Terence Blacker: Pandas - the world's most political animal

Panda diplomacy has always been a squalid business

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With its cute and comical look, and its two lovely black eyes, the panda makes a great symbol. Just over 50 years ago, its image was chosen for the newly created World Wildlife Fund. Today, it symbolises an altogether uglier reality, closer to human cynicism than animal conservation. This week, it was announced that the two giant pandas hired by the Edinburgh Zoo from the Chinese government at a cost of £460,000 a year will be available for VIP visits. For £1,000, guests can have drinks, canapés and the chance to feed these luckless animals some bamboo.

There have been the usual unconvincing denials of financial motives. This is "not about extra money", the zoo's chief executive has said, adding, in what would seem something of a self-contradiction, that his organisation "receives no extra funding".

Panda diplomacy, the use of rare, delicate mammals as part of deals between humans, has always been a squalid business. When, in 2011, after a campaign involving senior politicians and the Royal Family, the Chinese agreed to loan two pandas to Edinburgh Zoo, the country's ambassador inaccurately described the deal as "a gift to the people of the UK from China".

The SNP was happy to play along with this lie – at least until it was taken to task this spring by the Advertising Standards Authority. What Alex Salmond had described in 2008 as "a commercial arrangement" was cynically presented in a series of advertisements as an act of "gifting", a "unique gesture of friendship".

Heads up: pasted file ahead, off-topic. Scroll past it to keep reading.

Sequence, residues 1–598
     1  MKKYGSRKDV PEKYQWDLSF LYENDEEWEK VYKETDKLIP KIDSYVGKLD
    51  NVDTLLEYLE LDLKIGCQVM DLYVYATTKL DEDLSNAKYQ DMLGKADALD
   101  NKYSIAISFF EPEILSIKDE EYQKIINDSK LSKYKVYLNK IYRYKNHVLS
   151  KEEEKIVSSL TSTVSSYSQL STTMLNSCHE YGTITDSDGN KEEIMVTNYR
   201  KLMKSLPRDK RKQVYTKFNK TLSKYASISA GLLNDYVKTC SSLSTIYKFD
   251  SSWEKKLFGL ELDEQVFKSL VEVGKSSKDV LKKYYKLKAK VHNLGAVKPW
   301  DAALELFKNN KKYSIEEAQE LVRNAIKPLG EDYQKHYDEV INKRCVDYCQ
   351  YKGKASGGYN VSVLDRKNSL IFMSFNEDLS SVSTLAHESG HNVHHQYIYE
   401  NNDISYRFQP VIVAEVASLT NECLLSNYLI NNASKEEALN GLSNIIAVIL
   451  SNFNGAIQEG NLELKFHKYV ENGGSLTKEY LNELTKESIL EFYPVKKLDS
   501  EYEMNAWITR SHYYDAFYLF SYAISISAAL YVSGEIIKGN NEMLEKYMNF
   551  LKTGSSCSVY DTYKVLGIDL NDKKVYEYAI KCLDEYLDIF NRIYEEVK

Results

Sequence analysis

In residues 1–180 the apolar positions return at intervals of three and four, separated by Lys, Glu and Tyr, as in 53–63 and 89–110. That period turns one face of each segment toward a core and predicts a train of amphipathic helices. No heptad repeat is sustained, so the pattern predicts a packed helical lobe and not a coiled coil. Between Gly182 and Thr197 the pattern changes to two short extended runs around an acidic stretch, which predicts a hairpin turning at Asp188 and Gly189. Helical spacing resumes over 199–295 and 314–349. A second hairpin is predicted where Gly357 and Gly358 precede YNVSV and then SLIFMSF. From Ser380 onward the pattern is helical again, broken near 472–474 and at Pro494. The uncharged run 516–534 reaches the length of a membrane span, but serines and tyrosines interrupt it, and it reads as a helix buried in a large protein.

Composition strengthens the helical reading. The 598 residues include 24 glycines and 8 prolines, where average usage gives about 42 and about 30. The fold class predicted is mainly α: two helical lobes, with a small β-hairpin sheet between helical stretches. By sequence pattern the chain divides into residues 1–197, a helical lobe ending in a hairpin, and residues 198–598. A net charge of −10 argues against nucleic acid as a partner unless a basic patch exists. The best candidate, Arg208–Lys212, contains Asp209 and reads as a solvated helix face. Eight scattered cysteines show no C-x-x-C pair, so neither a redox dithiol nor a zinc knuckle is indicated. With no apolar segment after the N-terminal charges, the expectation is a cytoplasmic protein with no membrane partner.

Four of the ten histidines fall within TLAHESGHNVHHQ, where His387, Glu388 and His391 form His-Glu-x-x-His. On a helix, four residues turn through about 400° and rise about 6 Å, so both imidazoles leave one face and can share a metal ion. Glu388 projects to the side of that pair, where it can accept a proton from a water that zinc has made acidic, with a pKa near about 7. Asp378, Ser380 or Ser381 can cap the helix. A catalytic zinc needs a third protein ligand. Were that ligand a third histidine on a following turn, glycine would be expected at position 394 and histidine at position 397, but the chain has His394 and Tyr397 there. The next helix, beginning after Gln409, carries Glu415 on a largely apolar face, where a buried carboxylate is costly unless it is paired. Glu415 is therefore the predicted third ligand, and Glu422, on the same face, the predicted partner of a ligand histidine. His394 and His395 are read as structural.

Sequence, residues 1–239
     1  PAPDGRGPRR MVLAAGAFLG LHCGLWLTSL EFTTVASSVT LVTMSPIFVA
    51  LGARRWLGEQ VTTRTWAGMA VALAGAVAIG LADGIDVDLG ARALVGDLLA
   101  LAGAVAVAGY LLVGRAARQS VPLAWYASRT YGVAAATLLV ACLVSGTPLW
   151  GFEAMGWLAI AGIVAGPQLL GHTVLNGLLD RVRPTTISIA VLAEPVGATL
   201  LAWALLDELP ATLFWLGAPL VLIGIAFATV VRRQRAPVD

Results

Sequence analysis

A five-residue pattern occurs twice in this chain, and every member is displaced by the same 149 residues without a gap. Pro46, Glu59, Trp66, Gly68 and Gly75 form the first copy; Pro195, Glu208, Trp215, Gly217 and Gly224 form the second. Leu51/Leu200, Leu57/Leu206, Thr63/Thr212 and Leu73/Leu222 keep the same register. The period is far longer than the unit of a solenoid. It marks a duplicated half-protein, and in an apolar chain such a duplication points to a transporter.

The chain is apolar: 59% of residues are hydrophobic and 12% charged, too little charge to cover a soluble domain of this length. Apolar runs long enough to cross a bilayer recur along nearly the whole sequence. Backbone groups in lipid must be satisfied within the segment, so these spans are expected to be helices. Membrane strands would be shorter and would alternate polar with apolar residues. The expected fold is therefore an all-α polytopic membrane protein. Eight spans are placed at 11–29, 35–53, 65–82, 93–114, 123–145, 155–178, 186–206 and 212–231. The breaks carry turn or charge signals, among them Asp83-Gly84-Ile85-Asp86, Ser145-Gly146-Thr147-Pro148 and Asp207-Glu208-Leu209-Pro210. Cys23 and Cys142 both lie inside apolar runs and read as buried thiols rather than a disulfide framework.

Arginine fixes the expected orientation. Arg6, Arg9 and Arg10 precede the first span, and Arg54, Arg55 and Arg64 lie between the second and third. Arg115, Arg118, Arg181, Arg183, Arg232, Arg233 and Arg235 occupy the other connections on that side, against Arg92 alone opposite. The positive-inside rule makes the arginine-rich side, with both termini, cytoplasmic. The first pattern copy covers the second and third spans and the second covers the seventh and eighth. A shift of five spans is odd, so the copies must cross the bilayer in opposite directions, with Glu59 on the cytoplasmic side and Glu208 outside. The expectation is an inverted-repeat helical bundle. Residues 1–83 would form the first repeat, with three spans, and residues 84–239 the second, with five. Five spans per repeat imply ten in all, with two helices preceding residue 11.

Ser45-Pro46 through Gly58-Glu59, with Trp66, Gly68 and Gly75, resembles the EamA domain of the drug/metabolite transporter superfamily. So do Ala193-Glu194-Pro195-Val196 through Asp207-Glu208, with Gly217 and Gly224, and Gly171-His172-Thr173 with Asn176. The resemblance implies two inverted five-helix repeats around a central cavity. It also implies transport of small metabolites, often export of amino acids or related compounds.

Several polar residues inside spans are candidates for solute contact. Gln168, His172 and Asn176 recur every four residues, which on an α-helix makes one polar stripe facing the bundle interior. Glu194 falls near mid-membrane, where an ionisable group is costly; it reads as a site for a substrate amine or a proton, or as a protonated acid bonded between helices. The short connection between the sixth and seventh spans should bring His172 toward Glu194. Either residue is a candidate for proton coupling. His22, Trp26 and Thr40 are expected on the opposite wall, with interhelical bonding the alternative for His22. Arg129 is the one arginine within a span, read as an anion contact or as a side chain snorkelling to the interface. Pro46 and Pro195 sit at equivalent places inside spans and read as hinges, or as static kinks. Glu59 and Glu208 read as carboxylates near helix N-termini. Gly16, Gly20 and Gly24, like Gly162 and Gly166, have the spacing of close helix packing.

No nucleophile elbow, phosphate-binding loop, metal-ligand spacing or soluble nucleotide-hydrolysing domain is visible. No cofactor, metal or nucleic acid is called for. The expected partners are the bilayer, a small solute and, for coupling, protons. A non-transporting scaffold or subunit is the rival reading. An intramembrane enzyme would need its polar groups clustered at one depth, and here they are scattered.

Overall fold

It was neither a gift nor was it particularly unique: the Chinese have become adept at greasing the wheels of trade by shipping pandas across the world. Apart from the dishonest PR, there has always been something whiffy about this. Last week, after Canada did a similar deal with China to that done by Scotland, journalists asked to see the full memorandum of agreement. This was denied, bizarrely under a law protecting the country's national security.

The conservation argument, invariably deployed by politicians, is equally suspect. Alex Salmond once promised that, if Edinburgh landed the panda deal, "research will be carried out specifically in the field of oncology – an area of expertise in Scotland". Little has been heard of this claim recently, and it is anyway fairly meaningless. The only panda to have been released from captivity was quickly killed by wild pandas. The species, in other words, is being conserved exclusively for human enjoyment.

Admittedly, pandas serve their diplomatic purpose. Soon after the new arrivals were brought to Edinburgh, Salmond and his ministers expertly avoided offending their Chinese pals by absenting themselves during a visit by the Dalai Lama. The Scots gain, and so do the Chinese. It is the pandas, and the cause of conservation, which suffer.

www.terenceblacker.com

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